The risk of catastrophic climate change is getting worse, according to a new study from scientists involved with the United Nations Intergovernmental Panel on Climate Change (IPCC). Threats—ranging from the destruction of coral reefs to more extreme weather events like hurricanes, droughts and floods—are becoming more likely at the temperature change already underway: as little as 1.8 degree Fahrenheit (1 degree Celsius) of warming in global average temperatures.

"Most people thought that the risks were going to be for certain species and poor people. But all of a sudden the European heat wave of 2003 comes along and kills 50,000, [Hurricane] Katrina comes along and there's a lot of data about the increased intensity of droughts and floods. Plus, the dramatic melting of Greenland that nobody can explain certainly has to increase your concern," says climatologist Stephen Schneider of Stanford University, who co-authored the research published this week in the Proceedings of the National Academy of Sciences as well as in several IPCC reports. "Everywhere we looked, there was evidence that what was believed to be likely has happened. Nature has been cooperating with [climate change] theory unfortunately."

Schneider and his colleagues updated a graph, dubbed the "burning embers," that is designed to map the risks of damage from global warming. The initial version of the graph [left] drawn in 2001 had the risks of climate change beginning to appear after 3.6 or 5.4 degrees F (2 to 3 degrees C) of warming, but the years since have shown that climate risks kick in with less warming.

According to the new graph, risks to "unique and threatened systems" such as coral reefs and risks of extreme weather events become likely when temperatures rise by as little as 1.8 degrees F from 1990 levels, which is on course to occur by mid-century given the current concentrations of atmospheric greenhouse gases. In addition, risks of negative consequences such as increased droughts and the complete melting of ice caps in Greenland and Antarctica definitively outweigh any potential positives, such as longer growing seasons in countries such as Canada and Russia.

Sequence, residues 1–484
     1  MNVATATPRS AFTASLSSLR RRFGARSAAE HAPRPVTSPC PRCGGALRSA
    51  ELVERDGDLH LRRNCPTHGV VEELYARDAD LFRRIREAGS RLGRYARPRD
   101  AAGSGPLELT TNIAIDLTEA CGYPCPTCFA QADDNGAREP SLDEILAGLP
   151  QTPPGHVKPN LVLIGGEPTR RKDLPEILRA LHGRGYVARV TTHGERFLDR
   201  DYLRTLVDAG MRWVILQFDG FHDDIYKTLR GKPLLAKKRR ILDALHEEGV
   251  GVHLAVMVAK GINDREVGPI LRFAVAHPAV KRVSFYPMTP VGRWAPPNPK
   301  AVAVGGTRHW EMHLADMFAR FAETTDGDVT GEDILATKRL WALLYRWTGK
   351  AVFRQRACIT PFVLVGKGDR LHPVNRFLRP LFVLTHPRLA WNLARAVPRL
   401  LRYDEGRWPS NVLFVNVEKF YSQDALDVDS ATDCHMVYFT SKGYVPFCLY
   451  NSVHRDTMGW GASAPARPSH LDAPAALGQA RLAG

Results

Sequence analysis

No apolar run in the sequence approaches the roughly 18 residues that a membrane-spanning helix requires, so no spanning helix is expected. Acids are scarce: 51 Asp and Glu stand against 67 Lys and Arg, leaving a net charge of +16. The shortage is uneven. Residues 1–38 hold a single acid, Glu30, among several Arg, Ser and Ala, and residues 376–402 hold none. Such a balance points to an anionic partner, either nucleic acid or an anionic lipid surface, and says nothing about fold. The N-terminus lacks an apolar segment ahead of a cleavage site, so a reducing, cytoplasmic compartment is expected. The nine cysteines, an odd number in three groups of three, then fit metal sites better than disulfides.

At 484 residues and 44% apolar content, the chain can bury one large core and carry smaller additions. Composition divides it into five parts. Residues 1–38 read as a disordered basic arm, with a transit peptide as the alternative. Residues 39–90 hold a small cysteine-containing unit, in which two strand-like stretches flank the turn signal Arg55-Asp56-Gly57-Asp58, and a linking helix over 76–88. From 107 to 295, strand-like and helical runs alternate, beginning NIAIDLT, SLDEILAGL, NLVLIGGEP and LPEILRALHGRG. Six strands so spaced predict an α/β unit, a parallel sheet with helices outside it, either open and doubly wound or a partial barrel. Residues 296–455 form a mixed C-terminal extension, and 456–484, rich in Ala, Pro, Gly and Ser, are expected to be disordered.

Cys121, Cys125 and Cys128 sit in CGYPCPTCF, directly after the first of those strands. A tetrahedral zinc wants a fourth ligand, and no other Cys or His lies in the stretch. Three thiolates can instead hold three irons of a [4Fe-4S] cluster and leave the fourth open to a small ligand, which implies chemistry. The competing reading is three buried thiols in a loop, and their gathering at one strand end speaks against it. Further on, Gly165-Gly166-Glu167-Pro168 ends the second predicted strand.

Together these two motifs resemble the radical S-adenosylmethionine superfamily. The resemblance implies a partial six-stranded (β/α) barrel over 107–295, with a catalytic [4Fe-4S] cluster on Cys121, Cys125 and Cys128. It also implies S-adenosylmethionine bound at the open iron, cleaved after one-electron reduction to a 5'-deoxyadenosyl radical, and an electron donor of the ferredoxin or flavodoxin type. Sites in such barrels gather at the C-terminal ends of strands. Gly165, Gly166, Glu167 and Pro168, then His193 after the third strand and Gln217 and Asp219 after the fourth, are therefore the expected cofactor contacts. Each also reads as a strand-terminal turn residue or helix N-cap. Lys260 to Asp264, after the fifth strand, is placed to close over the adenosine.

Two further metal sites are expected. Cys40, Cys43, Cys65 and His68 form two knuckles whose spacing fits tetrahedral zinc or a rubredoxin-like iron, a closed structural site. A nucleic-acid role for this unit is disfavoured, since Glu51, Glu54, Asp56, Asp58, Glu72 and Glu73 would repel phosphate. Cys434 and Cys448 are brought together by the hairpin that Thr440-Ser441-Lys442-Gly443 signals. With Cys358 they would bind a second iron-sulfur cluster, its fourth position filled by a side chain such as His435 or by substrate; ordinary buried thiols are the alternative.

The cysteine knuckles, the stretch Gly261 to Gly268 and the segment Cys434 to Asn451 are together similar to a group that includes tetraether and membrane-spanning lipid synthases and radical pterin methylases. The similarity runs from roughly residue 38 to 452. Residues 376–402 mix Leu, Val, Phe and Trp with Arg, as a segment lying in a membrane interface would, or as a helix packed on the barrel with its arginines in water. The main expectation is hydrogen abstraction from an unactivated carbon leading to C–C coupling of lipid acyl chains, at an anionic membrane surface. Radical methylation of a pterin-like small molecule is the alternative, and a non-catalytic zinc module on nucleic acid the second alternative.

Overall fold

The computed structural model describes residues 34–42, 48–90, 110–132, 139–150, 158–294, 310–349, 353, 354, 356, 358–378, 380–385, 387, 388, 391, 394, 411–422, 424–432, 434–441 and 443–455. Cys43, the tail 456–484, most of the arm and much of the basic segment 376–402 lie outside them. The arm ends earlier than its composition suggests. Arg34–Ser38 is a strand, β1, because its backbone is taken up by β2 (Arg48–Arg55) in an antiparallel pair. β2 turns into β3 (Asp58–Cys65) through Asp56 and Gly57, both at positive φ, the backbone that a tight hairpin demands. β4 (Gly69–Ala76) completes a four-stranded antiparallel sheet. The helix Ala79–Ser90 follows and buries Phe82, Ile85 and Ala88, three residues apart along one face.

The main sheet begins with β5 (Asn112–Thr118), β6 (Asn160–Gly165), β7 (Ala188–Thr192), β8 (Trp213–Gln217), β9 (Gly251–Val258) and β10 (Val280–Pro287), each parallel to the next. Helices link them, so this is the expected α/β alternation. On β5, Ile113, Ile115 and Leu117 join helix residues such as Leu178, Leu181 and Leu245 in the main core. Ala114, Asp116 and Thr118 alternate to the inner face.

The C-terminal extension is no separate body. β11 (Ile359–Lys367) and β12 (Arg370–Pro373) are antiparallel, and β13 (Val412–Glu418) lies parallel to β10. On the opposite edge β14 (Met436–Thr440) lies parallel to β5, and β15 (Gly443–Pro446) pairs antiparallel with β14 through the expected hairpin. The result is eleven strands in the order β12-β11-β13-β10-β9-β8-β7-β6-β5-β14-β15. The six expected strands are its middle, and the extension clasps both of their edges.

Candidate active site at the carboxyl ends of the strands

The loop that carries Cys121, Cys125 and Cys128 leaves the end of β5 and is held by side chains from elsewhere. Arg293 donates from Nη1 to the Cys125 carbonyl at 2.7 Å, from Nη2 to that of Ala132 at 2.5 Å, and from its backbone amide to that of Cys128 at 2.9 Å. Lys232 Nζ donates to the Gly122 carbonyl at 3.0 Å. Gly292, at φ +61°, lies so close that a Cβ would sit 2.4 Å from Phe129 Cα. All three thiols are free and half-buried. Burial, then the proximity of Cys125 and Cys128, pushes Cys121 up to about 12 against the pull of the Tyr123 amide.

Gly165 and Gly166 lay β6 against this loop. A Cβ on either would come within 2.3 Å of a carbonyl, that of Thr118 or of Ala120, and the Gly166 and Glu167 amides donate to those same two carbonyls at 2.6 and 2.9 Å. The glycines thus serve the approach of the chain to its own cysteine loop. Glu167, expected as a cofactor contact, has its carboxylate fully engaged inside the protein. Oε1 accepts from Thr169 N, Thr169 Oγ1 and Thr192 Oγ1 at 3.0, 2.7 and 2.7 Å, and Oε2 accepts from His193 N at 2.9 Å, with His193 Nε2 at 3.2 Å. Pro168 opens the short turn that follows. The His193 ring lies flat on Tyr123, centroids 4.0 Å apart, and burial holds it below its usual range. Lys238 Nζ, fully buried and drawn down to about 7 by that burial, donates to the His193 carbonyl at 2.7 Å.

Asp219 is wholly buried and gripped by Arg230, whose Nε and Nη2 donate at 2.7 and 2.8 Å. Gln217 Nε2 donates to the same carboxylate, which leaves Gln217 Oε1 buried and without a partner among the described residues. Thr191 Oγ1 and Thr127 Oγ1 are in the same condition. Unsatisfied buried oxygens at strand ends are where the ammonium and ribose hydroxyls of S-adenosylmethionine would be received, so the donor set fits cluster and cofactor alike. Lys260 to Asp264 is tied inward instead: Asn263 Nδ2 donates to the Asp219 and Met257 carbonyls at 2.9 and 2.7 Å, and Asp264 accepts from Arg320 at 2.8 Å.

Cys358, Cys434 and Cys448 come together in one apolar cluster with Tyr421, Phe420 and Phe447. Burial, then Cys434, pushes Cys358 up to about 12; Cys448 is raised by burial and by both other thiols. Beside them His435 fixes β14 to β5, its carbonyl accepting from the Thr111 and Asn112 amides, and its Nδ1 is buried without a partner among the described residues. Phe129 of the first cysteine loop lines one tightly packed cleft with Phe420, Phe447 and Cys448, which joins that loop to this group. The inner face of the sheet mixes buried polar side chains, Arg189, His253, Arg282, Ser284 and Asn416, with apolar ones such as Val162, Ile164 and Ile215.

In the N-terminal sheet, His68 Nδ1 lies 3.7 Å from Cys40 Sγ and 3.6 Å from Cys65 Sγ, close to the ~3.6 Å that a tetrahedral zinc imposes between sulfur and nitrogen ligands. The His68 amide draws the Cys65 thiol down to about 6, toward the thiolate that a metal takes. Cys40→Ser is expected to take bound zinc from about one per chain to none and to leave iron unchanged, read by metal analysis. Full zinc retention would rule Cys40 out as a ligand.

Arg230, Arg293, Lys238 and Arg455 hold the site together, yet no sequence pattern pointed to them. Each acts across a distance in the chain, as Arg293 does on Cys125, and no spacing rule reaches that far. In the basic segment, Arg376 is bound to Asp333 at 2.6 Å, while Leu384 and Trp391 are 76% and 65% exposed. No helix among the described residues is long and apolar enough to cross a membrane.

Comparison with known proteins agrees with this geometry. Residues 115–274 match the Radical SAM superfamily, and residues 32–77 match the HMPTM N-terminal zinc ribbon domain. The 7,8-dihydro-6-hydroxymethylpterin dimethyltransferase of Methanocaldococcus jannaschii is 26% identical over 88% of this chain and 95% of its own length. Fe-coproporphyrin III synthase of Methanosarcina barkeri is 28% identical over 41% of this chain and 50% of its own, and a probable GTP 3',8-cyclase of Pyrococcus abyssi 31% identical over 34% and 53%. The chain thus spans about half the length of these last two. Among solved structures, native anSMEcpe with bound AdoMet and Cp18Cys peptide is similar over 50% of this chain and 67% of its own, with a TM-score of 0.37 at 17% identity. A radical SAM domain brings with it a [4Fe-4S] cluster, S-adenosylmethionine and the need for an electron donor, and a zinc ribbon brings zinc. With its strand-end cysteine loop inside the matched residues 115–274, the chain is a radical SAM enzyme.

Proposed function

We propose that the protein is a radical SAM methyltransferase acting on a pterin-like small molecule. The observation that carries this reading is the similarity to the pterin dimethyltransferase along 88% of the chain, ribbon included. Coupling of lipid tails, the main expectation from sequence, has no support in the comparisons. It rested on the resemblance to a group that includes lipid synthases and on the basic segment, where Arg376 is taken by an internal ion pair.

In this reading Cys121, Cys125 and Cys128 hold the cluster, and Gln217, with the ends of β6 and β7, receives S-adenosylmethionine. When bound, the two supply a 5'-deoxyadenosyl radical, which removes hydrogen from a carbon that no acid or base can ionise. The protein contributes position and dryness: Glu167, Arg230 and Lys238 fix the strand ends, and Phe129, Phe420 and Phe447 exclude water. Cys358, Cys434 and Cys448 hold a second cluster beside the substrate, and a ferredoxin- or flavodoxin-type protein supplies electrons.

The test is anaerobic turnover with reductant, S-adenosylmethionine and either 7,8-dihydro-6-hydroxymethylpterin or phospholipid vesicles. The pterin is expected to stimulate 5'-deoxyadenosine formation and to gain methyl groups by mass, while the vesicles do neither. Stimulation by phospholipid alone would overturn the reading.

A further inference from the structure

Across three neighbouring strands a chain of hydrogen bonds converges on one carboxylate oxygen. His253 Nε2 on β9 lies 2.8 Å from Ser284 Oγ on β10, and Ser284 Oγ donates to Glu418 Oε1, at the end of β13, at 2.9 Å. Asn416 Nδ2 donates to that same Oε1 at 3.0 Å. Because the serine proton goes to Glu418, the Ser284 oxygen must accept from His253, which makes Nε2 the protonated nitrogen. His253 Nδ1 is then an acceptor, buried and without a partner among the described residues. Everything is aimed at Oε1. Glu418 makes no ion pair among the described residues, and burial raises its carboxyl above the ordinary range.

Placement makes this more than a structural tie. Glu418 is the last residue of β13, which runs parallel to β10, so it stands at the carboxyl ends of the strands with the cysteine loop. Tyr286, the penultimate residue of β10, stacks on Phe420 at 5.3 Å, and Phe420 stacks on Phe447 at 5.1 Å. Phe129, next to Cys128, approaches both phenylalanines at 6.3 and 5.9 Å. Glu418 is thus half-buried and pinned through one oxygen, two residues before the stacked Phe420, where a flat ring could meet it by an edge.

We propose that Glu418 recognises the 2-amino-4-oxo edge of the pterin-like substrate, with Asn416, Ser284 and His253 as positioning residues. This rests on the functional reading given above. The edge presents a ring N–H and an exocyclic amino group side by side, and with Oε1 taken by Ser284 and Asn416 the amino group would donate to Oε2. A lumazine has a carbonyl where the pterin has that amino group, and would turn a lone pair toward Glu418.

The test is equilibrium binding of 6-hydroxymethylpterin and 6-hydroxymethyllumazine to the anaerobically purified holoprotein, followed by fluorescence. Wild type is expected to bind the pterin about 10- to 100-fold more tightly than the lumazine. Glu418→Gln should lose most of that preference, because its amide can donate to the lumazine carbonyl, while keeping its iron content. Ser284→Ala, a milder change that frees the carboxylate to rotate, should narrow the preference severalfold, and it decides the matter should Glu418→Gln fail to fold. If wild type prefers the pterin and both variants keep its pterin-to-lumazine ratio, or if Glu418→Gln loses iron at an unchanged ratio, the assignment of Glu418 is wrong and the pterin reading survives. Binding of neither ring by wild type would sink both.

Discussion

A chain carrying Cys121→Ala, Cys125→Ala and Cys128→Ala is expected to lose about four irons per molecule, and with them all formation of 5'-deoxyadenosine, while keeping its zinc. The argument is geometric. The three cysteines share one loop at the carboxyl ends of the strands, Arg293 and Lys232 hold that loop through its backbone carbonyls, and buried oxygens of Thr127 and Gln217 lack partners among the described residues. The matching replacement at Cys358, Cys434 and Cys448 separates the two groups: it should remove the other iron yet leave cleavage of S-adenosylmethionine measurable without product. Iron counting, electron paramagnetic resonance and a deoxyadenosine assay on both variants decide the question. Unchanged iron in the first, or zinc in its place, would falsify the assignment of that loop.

"We're definitely going to overshoot some of these temperatures where we see these very large vulnerabilities manifest," says economist Gary Yohe of Wesleyan University in Middletown, Conn., another co-author. "We're going to have to learn how to adapt."

Adaptation notwithstanding, Yohe and Schneider say that scientists must also figure out a way to reduce greenhouse gas emissions to reverse the heating trend to prevent further damage.

Several bills pending in Congress would set a so-called cap-and-trade policy under which an overall limit on pollution would be set—and companies with low output could sell their allowances to those that fail to cut emissions as long as the total stays within the total pollution cap. Any such federal policy would put a price on carbon dioxide pollution, which is currently free to vent into the atmosphere, Yohe note. He, however, favors  a so-called carbon tax that would set a fixed price for such climate-changing pollution rather than the cap-and-trade proposals favored by the Obama administration. "It's a predictable price, not a thing that bounces around."

But even with such policies in place—not only in the U.S. but across the globe—climate change is a foregone conclusion; global average temperatures have already risen by at least 1.1 degrees Fahrenheit (0.6 degree C) and further warming of at least 0.7 degree F (0.4 degree C) is virtually certain, according to the IPCC. And a host of studies, including a recent one from the Massachusetts Institute of Technology, have shown that global warming is already worse than predicted even a few years ago. The question is: Will it be catastrophic or not? "We've dawdled, and if we dawdle more it will get even worse," Schneider says. "It's time to move."